I try not to pay too much attention to the number of readers a person has; In fact, finding a great curator with a low number of readers is even more satisfying.
Do you provide co-contributors with guidance on appropriate style or topics?
I try not set too many rules; we have enough of those to follow in our professional lives already. Curating should be fun. All my contributors are experienced curators, so I rarely have to intervene. I honestly can’t remember the last time I did; both of my mags are much lower maintenance than you may expect even after more than 10,000 co-contributed articles! I’ve never had to remove a single article because of inappropriate content. I trust my team. If they think an article is suitable for the mag, they can flip it — and I’m grateful for every contribution they make.
A lot of the communication between us happens through flips and likes; it’s hard to explain, but a certain chemistry bonds us.
Is it possible to have too many co-contributors? What’s an ideal number?
It’s different for every type of magazine. In general, the more focused your topic, the fewer contributors you need. In general, 20 contributors is probably the maximum for any mag, I imagine. You want to give your readers the time to actually read the magazine, so there’s no point in adding more content than readers can digest. Anything more than 15 to 20 new articles per day is probably overkill.
Social Brainstorm covers a broad spectrum of topics, and it has 16 contributors at the moment, I think it has a good rhythm, so I don’t see a reason to add more contributors. It’s also no longer just an experiment. It’s a real magazine now, so I’m more cautious about inviting new contributors than I was at the beginning.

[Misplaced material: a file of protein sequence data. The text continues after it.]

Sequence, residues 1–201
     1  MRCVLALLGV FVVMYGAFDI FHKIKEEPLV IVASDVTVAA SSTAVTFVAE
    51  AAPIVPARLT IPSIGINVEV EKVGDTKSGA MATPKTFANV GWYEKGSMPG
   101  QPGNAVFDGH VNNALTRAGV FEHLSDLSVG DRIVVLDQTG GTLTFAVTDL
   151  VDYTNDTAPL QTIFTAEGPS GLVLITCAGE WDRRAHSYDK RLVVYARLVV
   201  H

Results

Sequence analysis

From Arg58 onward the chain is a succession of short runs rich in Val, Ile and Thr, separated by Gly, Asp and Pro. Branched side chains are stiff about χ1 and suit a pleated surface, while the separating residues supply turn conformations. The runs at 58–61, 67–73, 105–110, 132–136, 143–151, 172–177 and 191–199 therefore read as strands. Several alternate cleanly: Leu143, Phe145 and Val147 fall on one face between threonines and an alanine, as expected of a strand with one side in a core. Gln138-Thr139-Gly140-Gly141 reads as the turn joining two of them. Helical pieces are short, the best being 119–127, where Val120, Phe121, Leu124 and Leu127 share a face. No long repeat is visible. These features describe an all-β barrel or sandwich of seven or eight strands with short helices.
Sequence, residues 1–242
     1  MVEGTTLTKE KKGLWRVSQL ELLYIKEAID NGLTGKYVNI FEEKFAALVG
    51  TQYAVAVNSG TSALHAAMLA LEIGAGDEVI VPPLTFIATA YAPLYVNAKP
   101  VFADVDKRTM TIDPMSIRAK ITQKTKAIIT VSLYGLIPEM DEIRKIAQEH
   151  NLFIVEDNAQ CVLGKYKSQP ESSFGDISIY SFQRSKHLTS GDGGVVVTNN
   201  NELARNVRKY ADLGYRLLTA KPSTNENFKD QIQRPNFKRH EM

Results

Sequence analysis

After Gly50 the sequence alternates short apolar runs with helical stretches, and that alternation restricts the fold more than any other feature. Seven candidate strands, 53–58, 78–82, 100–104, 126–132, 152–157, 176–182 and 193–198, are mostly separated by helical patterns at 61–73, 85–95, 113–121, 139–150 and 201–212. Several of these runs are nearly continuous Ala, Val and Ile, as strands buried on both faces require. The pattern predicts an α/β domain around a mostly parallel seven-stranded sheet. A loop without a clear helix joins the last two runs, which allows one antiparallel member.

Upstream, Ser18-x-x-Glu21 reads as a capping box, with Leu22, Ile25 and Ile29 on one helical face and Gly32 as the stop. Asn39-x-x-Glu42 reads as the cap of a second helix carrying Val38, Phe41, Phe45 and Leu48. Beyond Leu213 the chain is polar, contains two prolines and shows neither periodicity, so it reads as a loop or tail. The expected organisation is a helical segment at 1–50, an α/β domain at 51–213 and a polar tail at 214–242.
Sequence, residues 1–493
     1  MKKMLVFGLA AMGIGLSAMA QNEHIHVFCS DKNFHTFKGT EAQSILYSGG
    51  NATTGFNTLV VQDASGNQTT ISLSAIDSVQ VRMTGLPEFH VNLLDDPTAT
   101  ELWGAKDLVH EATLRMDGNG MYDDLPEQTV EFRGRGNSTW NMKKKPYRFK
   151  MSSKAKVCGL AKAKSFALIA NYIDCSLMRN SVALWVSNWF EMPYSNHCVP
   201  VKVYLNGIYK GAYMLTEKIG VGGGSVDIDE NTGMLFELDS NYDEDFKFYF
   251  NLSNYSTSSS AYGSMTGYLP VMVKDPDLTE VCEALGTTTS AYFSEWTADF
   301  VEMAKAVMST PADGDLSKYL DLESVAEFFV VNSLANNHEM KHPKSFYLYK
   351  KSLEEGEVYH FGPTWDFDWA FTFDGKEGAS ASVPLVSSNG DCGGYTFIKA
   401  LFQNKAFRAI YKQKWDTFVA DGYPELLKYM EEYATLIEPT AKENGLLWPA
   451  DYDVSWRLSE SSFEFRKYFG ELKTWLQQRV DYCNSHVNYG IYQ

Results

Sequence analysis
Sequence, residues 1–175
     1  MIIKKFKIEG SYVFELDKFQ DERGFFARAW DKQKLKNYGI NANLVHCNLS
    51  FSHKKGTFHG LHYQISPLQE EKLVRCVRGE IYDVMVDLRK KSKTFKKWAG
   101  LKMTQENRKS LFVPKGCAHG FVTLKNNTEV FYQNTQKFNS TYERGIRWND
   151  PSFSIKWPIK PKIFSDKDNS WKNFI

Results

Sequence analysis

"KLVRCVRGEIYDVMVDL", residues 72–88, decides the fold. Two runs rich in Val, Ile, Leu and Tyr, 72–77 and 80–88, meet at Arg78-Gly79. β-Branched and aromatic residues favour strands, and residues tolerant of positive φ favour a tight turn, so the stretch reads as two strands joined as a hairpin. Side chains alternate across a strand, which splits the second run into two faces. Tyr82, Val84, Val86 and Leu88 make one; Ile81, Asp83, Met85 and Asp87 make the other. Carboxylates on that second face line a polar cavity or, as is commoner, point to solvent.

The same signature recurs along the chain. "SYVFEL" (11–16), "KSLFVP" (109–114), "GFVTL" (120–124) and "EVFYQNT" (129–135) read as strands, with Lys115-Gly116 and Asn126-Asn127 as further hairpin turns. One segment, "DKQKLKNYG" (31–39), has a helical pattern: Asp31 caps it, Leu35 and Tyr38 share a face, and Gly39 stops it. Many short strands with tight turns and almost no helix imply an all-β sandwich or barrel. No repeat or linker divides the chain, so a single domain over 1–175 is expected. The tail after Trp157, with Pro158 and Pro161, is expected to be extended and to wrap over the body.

Are there any other magazines with co-contributors that you like?
A new co-curated magazine that caught my eye is The Good Scoop by Aida B. and her team. She’s the driving force behind the Flipboard Club on Facebook and a terrific curator. She took the concept of co-curated mags even further than I did, and the results are spectacular. I really think it could become one of the biggest mags on Flipboard, it’s that good.
Another great example is #WomenLead by Amy Vernon.
The ultimate co-curated mag probably would be a magazine where every contributor is a journalist or blogger and flips his own articles in the mag. I would love to see a big traditional magazine or newspaper use that concept; it could help them make the transition from web to tablets and smartphones. Flipboard has everything in place for this to work, and the social element could prove to be the secret ingredient traditional publishers need.
What would you say to someone who’s still on the fence about co-contributor magazines?
Do it. Try it. Start your own co-curated mag or convert one of your existing ones.
Contact other curators with similar interests via a comment on one of their articles; you’ll be amazed by the response! Interaction between complete strangers is what makes a social network grow. Move as fast or slow as you want, don’t be afraid to experiment and see what works for you.
PHOTO: Top, courtesy of Joerie Mortelmans